My other ‘grown’ son regularly asks me out to lunch to talk about life, big things and small. The respect and honor and love they’ve shown, in spite of how little I deserve it, is one of the greatest gifts I can imagine receiving.

    Thank you again Michael for the encouragement and the chance to share the goodness of God.

  12. Michael, one of your best, and that is saying something my friend. Point number two was very sobering to me, but then point three softened the blow.

  13. Peggy in Shenandoah Valley says

    Thanks for another wonderful post. My three adult children have somehow, despite my many faults and mistakes, turned into the kind of people I’d love to hang out with even if we weren’t related. Their teens and twenties were often challenging and exhausting, but now I see the beautiful fruit of efforts and prayers- plus money and sleepless nights. One of the greatest rewards is meeting some of their friends and finding out not only how awesome they think your children are, but that many of them have decided- based on what they’ve heard from my children- that I’m pretty cool too. But the greatest reward of all is seeing them become the right kind of seekers- not hungering for fluff or easy fixes but for truth and righteousness. Thank God for His grace and the many godly people that pitched in with prayer and effort when I was not at my best. Parenting is the hardest, most important job you’ll ever love.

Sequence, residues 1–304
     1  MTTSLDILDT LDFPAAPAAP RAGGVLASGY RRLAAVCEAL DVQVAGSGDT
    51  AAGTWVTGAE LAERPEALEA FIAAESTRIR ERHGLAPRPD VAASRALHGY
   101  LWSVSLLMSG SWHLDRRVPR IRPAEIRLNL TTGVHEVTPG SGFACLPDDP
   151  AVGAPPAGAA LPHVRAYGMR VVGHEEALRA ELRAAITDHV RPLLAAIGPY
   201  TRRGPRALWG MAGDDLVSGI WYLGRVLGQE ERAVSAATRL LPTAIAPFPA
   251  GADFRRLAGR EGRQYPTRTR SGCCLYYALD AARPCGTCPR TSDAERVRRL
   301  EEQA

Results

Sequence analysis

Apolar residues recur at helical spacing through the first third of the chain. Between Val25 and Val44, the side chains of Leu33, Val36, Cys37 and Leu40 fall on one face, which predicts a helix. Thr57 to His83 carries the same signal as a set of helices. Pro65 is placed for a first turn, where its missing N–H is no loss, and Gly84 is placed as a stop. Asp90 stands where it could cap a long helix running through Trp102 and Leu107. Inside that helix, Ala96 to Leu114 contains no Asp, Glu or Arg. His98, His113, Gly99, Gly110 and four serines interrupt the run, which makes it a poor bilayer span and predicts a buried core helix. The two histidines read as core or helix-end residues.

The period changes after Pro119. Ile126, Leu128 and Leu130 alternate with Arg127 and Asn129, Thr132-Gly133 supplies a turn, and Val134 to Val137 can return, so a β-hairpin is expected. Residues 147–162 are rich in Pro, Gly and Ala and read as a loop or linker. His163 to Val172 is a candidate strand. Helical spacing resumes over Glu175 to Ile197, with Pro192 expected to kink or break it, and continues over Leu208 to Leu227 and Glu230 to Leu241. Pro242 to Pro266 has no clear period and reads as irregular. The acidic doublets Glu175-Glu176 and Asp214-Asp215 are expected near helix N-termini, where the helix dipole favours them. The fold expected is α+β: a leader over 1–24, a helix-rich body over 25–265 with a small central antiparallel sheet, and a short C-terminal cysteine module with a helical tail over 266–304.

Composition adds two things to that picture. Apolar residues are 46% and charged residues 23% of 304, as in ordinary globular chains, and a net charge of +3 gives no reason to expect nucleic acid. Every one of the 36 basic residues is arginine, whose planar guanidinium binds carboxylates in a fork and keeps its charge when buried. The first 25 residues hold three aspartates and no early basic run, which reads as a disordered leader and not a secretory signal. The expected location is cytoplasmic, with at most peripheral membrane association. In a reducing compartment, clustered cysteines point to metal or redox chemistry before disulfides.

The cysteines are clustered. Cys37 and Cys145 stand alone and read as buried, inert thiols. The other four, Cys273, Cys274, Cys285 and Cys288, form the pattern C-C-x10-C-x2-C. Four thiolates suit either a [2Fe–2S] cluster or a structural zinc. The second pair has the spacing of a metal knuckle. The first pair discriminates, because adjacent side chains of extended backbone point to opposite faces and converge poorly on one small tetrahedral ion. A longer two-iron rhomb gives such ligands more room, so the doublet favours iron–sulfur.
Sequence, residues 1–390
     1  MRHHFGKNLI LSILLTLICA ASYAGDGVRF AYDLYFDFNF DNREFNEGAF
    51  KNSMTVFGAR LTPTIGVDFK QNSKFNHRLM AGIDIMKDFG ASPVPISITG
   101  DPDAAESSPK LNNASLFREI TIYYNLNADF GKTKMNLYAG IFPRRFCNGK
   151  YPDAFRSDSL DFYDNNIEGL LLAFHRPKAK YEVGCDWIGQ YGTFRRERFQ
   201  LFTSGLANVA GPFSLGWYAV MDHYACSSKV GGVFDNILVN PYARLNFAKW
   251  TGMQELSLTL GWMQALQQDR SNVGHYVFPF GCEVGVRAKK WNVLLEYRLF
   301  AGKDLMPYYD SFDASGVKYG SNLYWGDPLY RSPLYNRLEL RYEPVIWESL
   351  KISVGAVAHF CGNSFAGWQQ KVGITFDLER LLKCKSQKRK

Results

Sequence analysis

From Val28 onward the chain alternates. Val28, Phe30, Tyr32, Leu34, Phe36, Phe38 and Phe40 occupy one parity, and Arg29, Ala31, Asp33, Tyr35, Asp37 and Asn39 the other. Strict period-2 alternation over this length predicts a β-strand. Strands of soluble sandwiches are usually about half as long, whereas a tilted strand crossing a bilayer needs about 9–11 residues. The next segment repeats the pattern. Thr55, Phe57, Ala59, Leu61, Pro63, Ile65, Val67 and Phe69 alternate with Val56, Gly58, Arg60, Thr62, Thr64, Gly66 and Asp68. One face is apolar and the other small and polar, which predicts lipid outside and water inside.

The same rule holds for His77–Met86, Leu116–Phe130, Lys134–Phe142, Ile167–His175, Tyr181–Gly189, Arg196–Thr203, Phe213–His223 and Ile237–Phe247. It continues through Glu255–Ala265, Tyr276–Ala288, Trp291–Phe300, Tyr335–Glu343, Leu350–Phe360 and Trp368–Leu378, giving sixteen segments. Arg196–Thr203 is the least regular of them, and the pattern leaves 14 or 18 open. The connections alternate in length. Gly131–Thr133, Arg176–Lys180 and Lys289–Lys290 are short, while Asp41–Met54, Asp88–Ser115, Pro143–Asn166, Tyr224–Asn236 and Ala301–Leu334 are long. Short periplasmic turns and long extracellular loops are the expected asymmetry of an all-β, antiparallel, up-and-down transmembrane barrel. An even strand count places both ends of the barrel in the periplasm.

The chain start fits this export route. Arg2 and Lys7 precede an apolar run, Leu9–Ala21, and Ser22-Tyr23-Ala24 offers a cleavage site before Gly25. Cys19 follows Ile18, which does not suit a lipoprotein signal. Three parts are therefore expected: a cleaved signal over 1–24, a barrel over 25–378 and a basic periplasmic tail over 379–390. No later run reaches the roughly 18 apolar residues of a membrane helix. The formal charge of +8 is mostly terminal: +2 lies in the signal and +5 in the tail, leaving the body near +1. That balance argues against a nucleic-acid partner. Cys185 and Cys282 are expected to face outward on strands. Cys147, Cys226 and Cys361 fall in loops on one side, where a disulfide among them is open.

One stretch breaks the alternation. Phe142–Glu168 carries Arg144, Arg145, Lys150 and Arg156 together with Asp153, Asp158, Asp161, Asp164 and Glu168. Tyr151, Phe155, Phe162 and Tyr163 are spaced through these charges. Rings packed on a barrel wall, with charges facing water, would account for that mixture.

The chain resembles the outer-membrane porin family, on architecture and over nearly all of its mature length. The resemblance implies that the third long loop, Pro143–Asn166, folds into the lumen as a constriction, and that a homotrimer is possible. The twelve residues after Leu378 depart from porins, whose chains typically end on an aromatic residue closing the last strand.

14. Timely, indeed. We’re taking our adult daughter back to college this weekend. She’s been home for a month, and it’s been truly wonderful. She has developed into an incredibly talented and gifted young lady, who also happens to be my wife’s best friend after me. It’s so hard to have her 400 miles away most of the time, and will be worse when she’s off at medical school and has no free time to speak of. But we’re now confident that she will excel, succeed at it, and keep her principles and relationship with God.

    Our other daughter is graduating high school in the spring, and will be joining sis at New Mexico State. Look out, world, this gal is going to take you by storm! I haven’t seen such a committed Christian in a long time. (Must have gotten that from her mother…)

    As others have said, our children are the joy and the pride of our life, and we feel inexpressibly blessed to have had the privilege of bringing them this far. I finally feel like I did something right in life. After this, old age is gonna be a cakewalk! 😉

  15. Thanks for a great post.